Enter Lily Rabe. She’s shushing Kathy and trying to calm her down, saying that this is only a temporary thing until she gets some time to figure out what her plan is. And she promises that she’ll let Kathy go as soon as Lily’s got all her ducks in a row. Kathy is alternating between crying for help and screaming obscenities through this entire thing.

Kids have begun skipping Sarah Paulson’s class and she’s confused because, y’know, it’s a boarding school. Where are they going to go? So she starts to do a little digging. The people that are going missing are all people who have bullied Taissa in the past. Seeing that this is basically the only link between them, Sarah starts to get suspicious.

Sarah and Lily also have their first real interactions with each other in this episode, after Lily tells Sarah to stop investigating the school. They’ve both got enough on their hands as is and if anything else comes up it will mean the end of both of their careers. Sarah absentmindedly inquires as to whatever happened to Kathy Bates and Lily dismisses it.

Sarah continues to investigate and decides that she needs to talk to Taissa. However, right before there’s an opportunity for confrontation, Taissa informs Sarah that she’s found something related to the disappearances. She leads Sarah down to the boiler room from the previous episode where we see a handful of dead cats and birds and whatever, and the missing girls, mutilated. It’s become clear (not that it wasn’t clear before) that Taissa has been murdering people. She’s able to struggle Sarah into restraints and places her in a tub, or a basin, or whatever, of water. Taissa mentions that for all the time she’s spent here in the boiler room she hasn’t had a chance yet to boil anybody. The camera pulls back out of the room as we hear Sarah begin to scream. End episode 2.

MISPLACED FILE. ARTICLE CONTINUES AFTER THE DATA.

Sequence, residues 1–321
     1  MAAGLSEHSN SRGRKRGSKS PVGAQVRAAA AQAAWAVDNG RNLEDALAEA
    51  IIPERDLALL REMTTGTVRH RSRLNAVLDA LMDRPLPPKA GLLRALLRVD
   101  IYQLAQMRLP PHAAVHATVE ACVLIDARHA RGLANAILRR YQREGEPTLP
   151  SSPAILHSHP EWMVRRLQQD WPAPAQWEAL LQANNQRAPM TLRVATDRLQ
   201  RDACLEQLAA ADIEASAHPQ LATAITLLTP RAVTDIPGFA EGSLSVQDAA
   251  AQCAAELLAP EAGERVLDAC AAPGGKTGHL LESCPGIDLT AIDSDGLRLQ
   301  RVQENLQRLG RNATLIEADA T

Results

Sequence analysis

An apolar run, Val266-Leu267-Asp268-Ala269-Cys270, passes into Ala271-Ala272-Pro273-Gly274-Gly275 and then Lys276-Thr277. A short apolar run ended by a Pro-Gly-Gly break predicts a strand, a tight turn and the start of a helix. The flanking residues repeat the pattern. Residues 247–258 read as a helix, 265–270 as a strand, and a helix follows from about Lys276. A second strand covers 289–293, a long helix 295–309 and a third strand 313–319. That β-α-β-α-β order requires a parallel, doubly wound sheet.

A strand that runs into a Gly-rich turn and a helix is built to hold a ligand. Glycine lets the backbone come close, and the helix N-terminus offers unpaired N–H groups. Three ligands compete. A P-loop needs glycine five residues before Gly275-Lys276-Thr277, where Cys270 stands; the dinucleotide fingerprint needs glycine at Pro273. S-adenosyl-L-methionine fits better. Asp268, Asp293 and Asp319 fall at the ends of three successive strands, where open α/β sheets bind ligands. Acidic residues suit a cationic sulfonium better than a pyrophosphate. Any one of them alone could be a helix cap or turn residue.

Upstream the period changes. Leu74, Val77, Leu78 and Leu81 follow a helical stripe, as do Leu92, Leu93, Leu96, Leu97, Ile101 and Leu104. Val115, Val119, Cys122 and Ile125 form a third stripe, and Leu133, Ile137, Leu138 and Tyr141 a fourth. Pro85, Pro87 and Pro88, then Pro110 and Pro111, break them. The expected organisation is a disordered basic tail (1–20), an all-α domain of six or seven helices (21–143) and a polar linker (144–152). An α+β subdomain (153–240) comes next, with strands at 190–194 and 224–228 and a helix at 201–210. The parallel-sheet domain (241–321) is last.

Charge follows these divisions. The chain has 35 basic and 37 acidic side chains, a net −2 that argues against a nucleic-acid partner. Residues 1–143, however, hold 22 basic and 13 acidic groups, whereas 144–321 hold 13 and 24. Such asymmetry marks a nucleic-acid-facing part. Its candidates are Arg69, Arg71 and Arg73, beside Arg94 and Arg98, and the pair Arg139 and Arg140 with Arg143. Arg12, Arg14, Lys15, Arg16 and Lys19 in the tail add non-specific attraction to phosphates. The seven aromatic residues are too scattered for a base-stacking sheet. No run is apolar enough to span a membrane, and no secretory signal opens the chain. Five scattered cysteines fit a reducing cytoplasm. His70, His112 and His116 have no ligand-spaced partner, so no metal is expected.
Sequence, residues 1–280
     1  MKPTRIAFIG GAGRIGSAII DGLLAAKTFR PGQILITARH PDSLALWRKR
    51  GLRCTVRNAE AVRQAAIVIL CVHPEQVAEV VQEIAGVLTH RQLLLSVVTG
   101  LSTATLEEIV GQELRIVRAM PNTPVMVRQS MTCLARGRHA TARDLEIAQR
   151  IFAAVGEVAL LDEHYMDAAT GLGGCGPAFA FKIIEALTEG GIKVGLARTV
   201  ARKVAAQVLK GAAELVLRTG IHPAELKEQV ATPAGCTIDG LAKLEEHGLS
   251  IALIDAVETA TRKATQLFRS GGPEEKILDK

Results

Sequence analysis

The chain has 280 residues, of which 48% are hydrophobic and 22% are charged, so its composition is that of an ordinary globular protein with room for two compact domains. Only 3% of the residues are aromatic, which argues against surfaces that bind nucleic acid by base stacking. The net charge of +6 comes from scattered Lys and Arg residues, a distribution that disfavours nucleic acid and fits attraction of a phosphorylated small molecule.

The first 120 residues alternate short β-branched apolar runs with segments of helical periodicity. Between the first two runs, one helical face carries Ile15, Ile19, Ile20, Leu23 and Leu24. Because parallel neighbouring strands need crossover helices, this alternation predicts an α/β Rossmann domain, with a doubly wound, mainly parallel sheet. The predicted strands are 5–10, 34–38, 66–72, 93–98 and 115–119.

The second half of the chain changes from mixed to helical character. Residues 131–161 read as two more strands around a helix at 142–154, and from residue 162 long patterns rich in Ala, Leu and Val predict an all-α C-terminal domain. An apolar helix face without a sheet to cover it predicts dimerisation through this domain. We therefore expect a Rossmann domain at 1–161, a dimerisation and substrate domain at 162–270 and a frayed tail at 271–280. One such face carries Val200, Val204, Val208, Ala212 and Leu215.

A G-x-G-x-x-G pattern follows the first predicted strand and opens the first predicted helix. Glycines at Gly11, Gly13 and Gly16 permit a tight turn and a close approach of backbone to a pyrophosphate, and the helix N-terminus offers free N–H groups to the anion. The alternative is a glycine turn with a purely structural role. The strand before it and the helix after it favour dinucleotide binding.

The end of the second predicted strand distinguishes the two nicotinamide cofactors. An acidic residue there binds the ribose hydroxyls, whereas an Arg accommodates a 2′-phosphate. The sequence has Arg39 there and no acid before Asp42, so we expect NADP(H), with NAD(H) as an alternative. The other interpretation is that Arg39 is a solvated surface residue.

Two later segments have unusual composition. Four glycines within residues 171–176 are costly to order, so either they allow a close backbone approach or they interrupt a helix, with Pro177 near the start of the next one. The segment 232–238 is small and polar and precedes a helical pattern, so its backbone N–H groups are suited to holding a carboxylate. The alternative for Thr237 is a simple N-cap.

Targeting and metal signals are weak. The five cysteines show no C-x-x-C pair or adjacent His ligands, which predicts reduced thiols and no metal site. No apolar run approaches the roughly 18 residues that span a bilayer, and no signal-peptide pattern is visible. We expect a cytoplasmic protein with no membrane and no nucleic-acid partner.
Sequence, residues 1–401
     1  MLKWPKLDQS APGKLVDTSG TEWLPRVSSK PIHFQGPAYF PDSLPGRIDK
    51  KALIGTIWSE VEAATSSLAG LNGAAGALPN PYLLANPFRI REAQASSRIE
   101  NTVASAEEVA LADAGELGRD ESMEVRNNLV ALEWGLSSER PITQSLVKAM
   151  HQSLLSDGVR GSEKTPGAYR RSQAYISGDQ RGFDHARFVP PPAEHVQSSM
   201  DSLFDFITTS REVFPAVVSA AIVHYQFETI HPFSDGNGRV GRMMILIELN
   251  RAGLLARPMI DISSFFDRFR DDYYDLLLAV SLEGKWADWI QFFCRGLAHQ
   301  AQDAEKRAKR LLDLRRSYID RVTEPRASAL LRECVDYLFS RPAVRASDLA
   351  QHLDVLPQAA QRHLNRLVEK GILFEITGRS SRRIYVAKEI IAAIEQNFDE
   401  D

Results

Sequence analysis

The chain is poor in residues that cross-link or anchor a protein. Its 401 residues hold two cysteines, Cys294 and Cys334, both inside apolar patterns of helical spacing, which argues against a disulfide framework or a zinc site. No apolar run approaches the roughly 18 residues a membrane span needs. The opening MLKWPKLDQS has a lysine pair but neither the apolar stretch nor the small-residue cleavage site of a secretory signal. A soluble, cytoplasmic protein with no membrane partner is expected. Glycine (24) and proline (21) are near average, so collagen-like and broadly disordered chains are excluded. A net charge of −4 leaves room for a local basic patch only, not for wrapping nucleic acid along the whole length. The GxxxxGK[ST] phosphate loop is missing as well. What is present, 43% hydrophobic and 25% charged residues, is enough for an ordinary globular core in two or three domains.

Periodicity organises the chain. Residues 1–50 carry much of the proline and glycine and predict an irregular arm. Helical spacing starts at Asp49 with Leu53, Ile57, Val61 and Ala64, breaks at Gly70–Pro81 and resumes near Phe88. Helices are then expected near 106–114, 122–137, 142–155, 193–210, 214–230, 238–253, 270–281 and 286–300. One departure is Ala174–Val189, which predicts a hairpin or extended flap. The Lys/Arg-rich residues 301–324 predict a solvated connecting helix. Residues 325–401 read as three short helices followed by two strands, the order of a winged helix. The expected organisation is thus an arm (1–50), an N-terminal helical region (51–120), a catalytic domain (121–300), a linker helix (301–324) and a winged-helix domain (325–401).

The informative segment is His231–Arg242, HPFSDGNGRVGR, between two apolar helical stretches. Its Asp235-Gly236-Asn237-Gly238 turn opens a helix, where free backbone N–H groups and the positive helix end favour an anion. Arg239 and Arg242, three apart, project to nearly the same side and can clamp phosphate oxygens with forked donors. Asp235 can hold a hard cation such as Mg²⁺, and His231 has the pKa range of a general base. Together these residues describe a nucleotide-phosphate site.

In episode 3 we see Taissa preparing a meal, or more accurately, a pile of meat. She does this for a while before going to the boiler room and feeding this hideously scarred, gurgling, monster of a woman, Sarah Paulson. We also see that some of the dead girls are now missing limbs.

By now it’s been enough time that Kathy Bates really should have been back, and so Evan Peters arrives at the school to look for her. Lily meets him at the door and claims that nobody matching Kathy’s description has showed up at the school. However he is, of course, welcome to look for her. This is interspersed with shots of Kathy screaming/crying, and ravenously, almost ferally, eating the meals that Lily has been bringing her.

Alright, I’ll leave it at that for now (Because we’re 1800 words deep), but I feel like I’m on a roll. I think next Thursday I’ll continue with this. FX: Don’t steal my idea until I’m done! Actually, don’t steal my idea at all. Buy it from me, and then contract me to write episode scripts. I could use the job.